I’d like to start this column off with a proviso. Mikko Hirvonen was a great World Rally Championship driver who, back in my childhood when I watched the WRC purely as a fan, I often supported in his fights against Sébastien Loeb.
But, as you know as well as I, Hirvonen never quite managed to add his name to the illustrious list of drivers to have become World Rally Champion. He came tremendously close on a few occasions – not least 2009 where he lost by just one point and the fight went down to the final leg of the final round of the season – but just never quite got over the line.
Elfyn Evans is potentially in danger of a similar fate. Twice – most agonizingly in 2020 when he held the advantage but slipped off the road – he has entered the season finale with a shot at the championship, but on both occasions he lost out to the other Sébastien: Mr Ogier.
Hirvonen and Evans are far from the WRC’s only nearly men – spare a thought for poor Markku Alén. But there’s a strong synergy between the M-Sport team-mates of 2014 given their status when the WRC’s dominator of their respective periods elected to step back.
The trajectory of the 2022 season will dictate whether this Evans/Hirvonen comparison is killed or continues to linger in the future.
When Loeb called time on his permanent WRC career at the end of the 2012 season, Hirvonen looked to be his obvious successor. He’d finished second to him in four of the previous five seasons, and was set to become the de facto number one at Citroën having joined Loeb for his final season.
Evans’ tale is similar, having finished second to Ogier in both 2020 and ’21 as his Toyota team-mate, surely he’ll just go one better in 2022 with Ogier regressing to a part-time program?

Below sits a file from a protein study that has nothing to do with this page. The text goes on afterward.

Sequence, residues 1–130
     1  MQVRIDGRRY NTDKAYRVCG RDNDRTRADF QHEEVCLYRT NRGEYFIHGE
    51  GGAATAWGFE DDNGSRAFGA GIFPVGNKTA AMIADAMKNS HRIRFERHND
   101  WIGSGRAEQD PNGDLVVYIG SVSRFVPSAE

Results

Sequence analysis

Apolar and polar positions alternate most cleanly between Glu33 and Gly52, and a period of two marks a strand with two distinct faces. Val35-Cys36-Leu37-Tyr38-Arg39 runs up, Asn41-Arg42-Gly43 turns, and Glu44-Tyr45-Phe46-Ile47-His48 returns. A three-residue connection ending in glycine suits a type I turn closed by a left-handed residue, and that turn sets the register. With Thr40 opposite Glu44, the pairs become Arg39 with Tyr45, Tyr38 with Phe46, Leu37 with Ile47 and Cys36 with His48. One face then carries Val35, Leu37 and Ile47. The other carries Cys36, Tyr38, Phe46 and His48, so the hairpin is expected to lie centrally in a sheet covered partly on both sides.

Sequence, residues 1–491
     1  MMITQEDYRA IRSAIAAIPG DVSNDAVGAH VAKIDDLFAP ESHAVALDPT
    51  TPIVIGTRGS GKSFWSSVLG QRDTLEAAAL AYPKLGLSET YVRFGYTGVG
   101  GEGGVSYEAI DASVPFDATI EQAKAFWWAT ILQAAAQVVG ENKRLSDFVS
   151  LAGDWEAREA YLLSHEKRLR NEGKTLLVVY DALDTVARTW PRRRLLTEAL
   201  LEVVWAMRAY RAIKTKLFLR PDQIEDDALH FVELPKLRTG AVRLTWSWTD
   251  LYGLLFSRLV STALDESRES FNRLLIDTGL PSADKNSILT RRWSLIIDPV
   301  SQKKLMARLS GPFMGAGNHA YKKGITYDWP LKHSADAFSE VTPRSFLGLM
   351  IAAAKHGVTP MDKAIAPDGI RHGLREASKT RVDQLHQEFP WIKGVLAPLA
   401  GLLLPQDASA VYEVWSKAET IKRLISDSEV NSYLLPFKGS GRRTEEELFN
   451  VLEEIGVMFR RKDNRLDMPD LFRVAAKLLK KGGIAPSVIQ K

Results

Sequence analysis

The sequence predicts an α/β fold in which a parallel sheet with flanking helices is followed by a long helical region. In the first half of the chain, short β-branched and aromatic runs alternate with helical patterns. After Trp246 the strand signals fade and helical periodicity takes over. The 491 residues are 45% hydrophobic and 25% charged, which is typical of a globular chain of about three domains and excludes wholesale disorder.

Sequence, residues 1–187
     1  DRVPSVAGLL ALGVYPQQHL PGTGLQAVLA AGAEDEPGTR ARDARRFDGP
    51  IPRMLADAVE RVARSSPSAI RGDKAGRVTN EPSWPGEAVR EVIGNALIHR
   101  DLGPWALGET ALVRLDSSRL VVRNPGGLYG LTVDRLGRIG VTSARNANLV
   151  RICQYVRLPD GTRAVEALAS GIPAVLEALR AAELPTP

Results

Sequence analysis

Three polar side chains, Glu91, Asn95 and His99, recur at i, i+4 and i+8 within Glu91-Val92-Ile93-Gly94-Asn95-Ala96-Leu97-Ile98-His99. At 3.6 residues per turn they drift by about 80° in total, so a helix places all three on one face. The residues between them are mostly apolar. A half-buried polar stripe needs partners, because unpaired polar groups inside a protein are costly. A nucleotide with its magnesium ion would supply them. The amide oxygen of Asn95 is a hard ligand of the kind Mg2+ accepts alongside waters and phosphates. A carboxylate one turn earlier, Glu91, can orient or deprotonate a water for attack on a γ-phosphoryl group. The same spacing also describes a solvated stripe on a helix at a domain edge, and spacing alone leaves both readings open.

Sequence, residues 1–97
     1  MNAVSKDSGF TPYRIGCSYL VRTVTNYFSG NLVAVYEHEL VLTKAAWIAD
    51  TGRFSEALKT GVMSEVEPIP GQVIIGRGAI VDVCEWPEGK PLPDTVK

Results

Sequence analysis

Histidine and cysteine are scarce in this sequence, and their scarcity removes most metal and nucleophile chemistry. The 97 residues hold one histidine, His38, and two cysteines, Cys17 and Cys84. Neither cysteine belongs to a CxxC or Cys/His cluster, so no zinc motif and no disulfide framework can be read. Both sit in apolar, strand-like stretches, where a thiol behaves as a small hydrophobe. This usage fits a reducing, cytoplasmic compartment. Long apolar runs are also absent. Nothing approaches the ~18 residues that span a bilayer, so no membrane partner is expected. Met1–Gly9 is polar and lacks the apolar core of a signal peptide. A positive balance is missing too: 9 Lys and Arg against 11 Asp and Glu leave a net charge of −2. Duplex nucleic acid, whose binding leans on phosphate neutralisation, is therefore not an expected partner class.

That’s exactly what my DirtFish colleague David Evans put to Evans ahead of his final Monte Carlo Rally test on Wednesday. Ogier’s absence makes Evans championship favorite, doesn’t it?
“I don’t know, does it?” came the clever response.
Evans wasn’t taking that bait. He isn’t interested in such mind games – it’s not his style. But he’ll equally be aware that form from a previous season doesn’t guarantee anything for the following year.
It's far, far too early to be making predictions at the momentElfyn Evans
Let’s journey back to 2013 and Hirvonen’s anticipated golden chance to finally get the monkey off his back and win the championship.
And we’ll cut to the chase: 2013 isn’t remembered as a year of Hirvonen domination is it? Instead, it stands out for the Ogier and Volkswagen steamroller firmly announcing itself on the world stage and blitzing the next four seasons.
Hirvonen was theoretically the favorite, but it didn’t materialize. Just like Evans is theoretically the favorite this year, and that means very little. Particularly when – unlike in 2013 when Hirvonen was driving the same DS3 WRC that he did the previous season – the WRC is undergoing a major rules reset like it is today.
“It’s very difficult to know because it’s not only the question of who’s got a good car or who’s not good a good car – maybe everybody’s got a good car, we don’t know – but also who takes to the new cars, who can adapt to the new cars, get the most out of them,” Evans says when this is put to him.
“I would say it’s far, far too early to be making predictions at the moment.”
Evans might – quite rightly – be afraid to make a prediction (at least publicly) but that doesn’t stop us from mulling it over.
Ignoring all the uncertain external factors such as reliability and car performance for just a moment, from a pure driving perspective is Evans really at risk of becoming another Hirvonen and falling from grace just when he should’ve been there to pounce?
It’s unlikely, but not impossible.
The key difference between Evans and Hirvonen is the differing stages they’re at in their careers upon arriving in this prime position.